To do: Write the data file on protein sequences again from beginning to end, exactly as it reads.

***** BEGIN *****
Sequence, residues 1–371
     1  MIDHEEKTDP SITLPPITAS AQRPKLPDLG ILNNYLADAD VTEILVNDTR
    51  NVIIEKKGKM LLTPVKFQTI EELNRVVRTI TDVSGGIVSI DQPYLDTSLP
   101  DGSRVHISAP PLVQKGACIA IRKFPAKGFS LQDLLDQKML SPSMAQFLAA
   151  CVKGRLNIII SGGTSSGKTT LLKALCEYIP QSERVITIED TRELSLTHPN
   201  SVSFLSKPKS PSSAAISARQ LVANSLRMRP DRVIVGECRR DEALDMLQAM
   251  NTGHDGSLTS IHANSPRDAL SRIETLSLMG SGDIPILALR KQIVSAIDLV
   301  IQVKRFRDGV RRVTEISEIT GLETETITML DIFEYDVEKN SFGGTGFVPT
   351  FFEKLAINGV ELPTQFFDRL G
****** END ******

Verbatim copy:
Sequence, residues 1–371
     1  MIDHEEKTDP SITLPPITAS AQRPKLPDLG ILNNYLADAD VTEILVNDTR
    51  NVIIEKKGKM LLTPVKFQTI EELNRVVRTI TDVSGGIVSI DQPYLDTSLP
   101  DGSRVHISAP PLVQKGACIA IRKFPAKGFS LQDLLDQKML SPSMAQFLAA
   151  CVKGRLNIII SGGTSSGKTT LLKALCEYIP QSERVITIED TRELSLTHPN
   201  SVSFLSKPKS PSSAAISARQ LVANSLRMRP DRVIVGECRR DEALDMLQAM
   251  NTGHDGSLTS IHANSPRDAL SRIETLSLMG SGDIPILALR KQIVSAIDLV
   301  IQVKRFRDGV RRVTEISEIT GLETETITML DIFEYDVEKN SFGGTGFVPT
   351  FFEKLAINGV ELPTQFFDRL G